New incentive to settle client complaints

New incentive to settle client complaints

New incentive to settle client complaints The Ombudsman for Banking Services and Investments made a housekeeping move last week that drastically alters the confidentiality and disclosure requirements for its dispute resolution process putting advisors in a potentially unflattering position.

“The changes are being made to meet regulatory expectations and requirements,” noted the OBSI statement. “Now the identity of the complainant and their financial advisor (if applicable) will be shared with the appropriate regulator.”

The OBSI considers it a tweak to its terms of reference but with most compensation recommendations being ignored by firms involved in the dispute resolution process, if advisors of those firms have their names revealed to the appropriate regulators, it’s likely they’ll want their firms to alter their tactics in order to maintain their reputation.

The big question is whether or not the firms will play along.

“Until now you’ve been required to sign a confidentiality agreement. I assume that now [OBSI announcement} it’s going to change,” says Toronto advisor Tony De Thomasis. “I’ve been involved in just one OBSI case. It’s really one sided. The last one the OBSI reported on they blamed the dealer because the advisor was selling limited market securities and was doing it off the dealer’s book. They still blamed the dealer because it should have done a better job patrolling what the advisor was doing.”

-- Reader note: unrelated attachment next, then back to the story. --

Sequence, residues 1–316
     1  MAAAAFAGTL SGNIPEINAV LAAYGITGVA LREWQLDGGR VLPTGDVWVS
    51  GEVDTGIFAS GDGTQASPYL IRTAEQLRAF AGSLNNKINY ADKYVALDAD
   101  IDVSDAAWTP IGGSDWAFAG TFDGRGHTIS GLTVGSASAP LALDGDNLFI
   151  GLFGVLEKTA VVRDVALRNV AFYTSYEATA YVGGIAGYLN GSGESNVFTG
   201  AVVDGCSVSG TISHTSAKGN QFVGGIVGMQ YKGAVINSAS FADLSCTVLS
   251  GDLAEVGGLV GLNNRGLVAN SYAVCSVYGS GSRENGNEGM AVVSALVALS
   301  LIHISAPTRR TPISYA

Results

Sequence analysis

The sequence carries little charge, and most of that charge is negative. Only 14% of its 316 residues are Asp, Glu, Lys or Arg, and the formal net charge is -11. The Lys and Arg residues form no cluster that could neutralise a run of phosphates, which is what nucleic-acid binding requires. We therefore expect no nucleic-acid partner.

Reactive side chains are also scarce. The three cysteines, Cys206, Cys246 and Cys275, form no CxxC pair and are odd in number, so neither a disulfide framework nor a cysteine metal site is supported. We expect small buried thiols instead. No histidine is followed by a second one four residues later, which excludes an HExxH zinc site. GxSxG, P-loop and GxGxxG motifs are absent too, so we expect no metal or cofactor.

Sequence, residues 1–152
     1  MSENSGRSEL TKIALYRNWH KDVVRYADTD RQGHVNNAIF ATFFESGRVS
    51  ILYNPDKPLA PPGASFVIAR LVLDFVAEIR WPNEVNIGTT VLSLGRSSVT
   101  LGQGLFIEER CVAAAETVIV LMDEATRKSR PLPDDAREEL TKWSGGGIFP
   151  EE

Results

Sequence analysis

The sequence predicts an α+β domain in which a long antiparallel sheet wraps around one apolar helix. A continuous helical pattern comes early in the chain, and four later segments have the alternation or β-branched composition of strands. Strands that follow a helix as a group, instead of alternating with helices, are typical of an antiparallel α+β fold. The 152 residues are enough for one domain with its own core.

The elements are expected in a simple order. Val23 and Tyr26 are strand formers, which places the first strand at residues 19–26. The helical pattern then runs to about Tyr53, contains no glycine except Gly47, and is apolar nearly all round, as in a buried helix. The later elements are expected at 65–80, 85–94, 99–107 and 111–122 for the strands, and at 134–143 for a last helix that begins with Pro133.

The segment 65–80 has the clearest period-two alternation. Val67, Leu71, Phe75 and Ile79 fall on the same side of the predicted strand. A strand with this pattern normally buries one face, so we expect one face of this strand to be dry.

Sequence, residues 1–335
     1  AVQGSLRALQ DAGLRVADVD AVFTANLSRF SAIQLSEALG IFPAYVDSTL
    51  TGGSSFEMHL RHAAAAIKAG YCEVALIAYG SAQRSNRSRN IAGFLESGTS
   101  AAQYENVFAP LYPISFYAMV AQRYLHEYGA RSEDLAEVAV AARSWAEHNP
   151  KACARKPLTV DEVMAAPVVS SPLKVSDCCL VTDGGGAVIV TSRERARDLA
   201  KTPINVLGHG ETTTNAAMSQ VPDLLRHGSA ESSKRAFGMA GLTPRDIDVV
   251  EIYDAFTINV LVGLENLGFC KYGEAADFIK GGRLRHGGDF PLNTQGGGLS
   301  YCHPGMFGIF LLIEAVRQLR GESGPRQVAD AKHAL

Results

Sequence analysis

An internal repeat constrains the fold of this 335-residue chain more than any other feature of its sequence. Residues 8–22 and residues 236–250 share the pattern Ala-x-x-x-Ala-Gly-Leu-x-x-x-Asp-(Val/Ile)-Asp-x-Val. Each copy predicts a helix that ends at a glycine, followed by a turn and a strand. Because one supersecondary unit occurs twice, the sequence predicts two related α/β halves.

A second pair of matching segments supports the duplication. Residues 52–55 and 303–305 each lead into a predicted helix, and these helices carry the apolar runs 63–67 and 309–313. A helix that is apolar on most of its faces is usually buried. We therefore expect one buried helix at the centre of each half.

Advisors caught up in OBSI cases given this change aren’t going to want to take the chance that their name gets out in the press despite the fact the information won’t be disclosed to the public but rather to the appropriate regulators and in certain circumstances the OBSI board of directors.

“If one guy has one claim, it doesn’t matter, you’re forced to settle,” says De Thomasis. “If you don’t settle you’ll never get your reputation back, especially the advisor.”

So, the OBSI inadvertently might have created a giant game of chicken. The question is whether advisors should be concerned a little or a lot.

Time will give us the answer.
  • Barb Amsden 2015-07-03 11:32:48 AM
    I haven't found anything on the Ombudsman's website for details (the information goes to the lead regulator but does it go public in all cases?). What this may do is clear those low value ones where a little bit of pride gets in the way of resolution. For serious cases, this always should have been happening and was something recommended some time ago. However, the issue of an advisor's reputation is a serious - financial-security-threatening and personally painful - issue when a charge is unfairly brought or there was an honest misunderstanding and shared responsibility. There is no putting the genie back in the bottle with the internet. Any more details will be welcome.
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  • Sandra Kegie 2015-07-03 1:20:16 PM
    This is a good step, the right step, but still doesn't go far enough. OBSI should be able to 'name and shame' the advisor where it is clearly a case of the advisor acting outside of the supervision of the dealer and the dealer did not and could not have known about the activities. The advisors may not pay, but the dealers who haven't paid in the past, might be more inclined to. In those cases rather than them looking like the bad guy that they aren't, they'll look like to good guy for paying where the advisor did not.
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